Every day, everywhere we go, whether we know it or not, we are exposed to nanomaterials-particles with one dimension no bigger than 1/100,000th the width of a human hair. They can be found in cosmetics, sunscreens, pharmaceuticals, fabrics, and in the air we breathe. It is a challenge to measure how often we encounter these ubiquitous bits of next-to-nothingness and what, if any, impact they may have on our health in an open environment. But three Johns Hopkins University researchers affiliated with the Institute for NanoBioTechnology hope to gain some insight on those effects by studying the ability of nanometals to access lung tissues, their potential to trigger pro-inflammatory reactions by cells that line the lung airways, and even the extent to which workers are exposed in a nanomaterials manufacturing setting.
The National Science Foundation awarded nearly $400,000 to faculty members Shyam Biswal, Patrick Breysse, and Justin Hanes for their collaborative investigation on the toxic health effects of nanometal oxides. “Exposure to nanomaterials in occupational settings is measurable, while exposure in non-occupational settings is hard to characterize,” says Biswal, a toxicologist at the Bloomberg School of Public Health and principal investigator on the project. “The knowledge we gain from these studies will help in understanding the health effects of nanoparticles that we might encounter in everyday situations.”
Breysse directs the division of Environmental Health Engineering in the Department of Environmental Health Sciences in the Bloomberg School of Public Health. Hanes, professor of chemical and biomolecular engineering in the Whiting School of Engineering, is director of Therapeutics for INBT.
When used in consumer products, nanomaterials provide many benefits, and production of items that use nanomaterials is on the rise. The National Science Foundation estimates that 2 million workers will be needed to support nanotechnology industries worldwide within 15 years*. There is already a large body of research on how exposure to metals impacts both humans and animals, linking it to a range of inflammatory diseases such as asthma, cystic fibrosis and chronic obstructive pulmonary disease. However, little is understood about the toxic potential of metal oxides manufactured at the nanoscale.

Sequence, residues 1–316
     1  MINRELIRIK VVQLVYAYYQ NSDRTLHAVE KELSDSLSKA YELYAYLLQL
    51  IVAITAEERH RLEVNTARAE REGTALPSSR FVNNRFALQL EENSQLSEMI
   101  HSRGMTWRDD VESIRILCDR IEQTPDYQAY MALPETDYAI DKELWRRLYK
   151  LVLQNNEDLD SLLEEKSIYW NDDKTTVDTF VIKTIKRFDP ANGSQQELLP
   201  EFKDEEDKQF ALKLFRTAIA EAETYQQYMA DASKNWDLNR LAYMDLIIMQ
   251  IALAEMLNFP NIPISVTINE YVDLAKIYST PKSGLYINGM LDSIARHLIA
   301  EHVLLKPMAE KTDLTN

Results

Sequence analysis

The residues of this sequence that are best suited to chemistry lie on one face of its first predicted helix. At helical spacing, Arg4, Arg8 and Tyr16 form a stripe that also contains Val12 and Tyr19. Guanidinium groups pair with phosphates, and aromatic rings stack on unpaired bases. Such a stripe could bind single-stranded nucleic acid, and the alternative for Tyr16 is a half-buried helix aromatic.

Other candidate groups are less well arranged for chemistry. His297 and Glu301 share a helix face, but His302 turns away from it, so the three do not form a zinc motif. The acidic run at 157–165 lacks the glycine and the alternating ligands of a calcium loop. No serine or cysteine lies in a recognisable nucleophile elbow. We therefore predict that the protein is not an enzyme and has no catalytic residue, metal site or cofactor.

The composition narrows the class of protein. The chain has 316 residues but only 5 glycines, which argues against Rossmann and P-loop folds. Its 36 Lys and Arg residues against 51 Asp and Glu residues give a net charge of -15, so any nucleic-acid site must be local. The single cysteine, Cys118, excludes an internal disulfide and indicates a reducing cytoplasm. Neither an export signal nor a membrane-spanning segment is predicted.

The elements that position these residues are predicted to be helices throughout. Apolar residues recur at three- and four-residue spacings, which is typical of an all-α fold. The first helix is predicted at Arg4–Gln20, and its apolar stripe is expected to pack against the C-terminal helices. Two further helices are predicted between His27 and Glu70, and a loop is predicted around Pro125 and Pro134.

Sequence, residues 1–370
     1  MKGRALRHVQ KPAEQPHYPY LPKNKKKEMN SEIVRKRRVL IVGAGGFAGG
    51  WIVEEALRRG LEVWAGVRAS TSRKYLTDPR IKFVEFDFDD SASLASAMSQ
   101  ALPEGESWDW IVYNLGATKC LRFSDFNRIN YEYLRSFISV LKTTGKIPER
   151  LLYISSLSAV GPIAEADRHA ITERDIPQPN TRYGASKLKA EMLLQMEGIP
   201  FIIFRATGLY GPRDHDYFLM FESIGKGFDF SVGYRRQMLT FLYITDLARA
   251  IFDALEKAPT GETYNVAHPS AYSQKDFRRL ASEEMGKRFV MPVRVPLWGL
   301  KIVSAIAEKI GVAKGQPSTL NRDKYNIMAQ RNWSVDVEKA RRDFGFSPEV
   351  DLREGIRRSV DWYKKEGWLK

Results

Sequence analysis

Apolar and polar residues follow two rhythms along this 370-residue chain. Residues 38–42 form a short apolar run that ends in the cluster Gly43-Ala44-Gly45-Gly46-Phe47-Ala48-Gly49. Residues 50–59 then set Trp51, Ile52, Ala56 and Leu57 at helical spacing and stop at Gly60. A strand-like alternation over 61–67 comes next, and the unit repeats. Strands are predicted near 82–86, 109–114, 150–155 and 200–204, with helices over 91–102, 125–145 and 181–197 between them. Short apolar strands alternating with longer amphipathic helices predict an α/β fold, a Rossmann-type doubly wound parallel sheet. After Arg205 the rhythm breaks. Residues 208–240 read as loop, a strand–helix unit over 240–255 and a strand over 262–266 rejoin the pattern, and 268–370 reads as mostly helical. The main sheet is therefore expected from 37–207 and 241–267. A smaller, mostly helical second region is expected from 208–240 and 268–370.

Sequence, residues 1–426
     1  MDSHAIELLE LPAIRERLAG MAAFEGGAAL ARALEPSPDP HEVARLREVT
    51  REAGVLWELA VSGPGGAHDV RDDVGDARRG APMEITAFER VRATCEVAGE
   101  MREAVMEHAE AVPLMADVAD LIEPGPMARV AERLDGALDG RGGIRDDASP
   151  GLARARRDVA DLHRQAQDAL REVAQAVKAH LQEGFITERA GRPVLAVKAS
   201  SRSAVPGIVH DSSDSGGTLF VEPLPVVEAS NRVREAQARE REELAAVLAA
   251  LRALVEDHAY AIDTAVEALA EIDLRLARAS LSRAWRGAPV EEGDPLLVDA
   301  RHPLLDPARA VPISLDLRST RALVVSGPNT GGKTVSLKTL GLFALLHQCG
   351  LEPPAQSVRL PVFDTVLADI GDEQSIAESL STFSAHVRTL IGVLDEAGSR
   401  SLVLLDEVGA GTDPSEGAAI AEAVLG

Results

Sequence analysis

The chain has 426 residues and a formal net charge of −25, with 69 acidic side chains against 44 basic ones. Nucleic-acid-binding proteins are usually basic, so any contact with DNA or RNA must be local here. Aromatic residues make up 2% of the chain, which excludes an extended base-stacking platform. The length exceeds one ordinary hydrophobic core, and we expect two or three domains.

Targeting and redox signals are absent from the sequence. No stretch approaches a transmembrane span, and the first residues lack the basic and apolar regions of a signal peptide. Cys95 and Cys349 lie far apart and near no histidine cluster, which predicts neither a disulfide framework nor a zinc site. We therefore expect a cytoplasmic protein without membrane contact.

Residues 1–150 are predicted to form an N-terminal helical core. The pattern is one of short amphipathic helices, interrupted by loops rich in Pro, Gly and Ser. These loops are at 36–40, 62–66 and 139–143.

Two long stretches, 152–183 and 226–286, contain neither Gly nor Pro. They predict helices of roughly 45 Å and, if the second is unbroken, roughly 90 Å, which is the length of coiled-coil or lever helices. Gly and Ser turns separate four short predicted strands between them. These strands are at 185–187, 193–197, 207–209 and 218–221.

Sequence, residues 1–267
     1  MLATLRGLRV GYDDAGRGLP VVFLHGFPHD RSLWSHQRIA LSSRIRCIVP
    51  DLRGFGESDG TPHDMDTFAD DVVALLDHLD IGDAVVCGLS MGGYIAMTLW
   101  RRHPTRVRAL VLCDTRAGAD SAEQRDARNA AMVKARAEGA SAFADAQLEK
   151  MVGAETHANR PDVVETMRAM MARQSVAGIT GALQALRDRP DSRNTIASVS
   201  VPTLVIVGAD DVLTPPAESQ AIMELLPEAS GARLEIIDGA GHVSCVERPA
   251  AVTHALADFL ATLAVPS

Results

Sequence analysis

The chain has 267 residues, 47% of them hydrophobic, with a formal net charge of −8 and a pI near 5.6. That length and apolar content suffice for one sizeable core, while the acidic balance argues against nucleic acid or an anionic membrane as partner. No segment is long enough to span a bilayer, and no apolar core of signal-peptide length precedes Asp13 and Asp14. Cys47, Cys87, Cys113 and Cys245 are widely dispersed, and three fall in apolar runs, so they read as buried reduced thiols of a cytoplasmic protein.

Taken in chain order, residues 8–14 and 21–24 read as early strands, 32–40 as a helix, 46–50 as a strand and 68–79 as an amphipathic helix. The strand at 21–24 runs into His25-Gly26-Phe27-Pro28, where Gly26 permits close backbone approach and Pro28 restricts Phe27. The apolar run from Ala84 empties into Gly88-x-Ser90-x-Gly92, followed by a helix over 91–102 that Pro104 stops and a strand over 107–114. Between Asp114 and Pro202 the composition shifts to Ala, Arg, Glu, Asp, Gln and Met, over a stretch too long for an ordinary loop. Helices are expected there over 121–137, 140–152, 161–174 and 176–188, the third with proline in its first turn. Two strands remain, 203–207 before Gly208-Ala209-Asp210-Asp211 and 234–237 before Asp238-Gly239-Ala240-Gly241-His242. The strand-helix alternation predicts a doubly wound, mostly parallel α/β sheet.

Biswal, Breysse and Hanes plan to look at how workers become exposed to nanomaterials, how they are transported through the body, and then assess any potential adverse health effects. One goal of the project will characterize the basic physical and chemical properties of the engineered nanometal oxides. Another goal will be to determine what size, what type and how much nanometal oxides are found in the exhaled breath of exposed workers.
Biswal says the project is an excellent representation of a multidisciplinary collaboration between experts in exposure assessment, aerosol science, nanotechnology, the protective mucus barrier, and pulmonary molecular toxicology.
“The nanometal particle is not only important from an occupational point of view. We think that what we learn from these particles will help us understand the effect of other nanoparticles to which we all are exposed,” Biswal adds. “These studies also will develop the knowledge base required for future studies on larger populations exposed to nanometal particles.”
Other collaborators on this research include Biswal’s research associate Rajesh Thimmulappa; Alexendra Stefanik, an industrial hygienist with the National Institute for Occupational Safety and Health who previously conducted research with Breysse; and Jana Keshavan of the U.S. Army’s Edgewood Chemical Biological Center. This current project grew out of a previous study (Toxicological evaluation of nanoparticles in mice model of chronic lung diseases) funded with seed money from INBT.
For more information, please contact Mary Spiro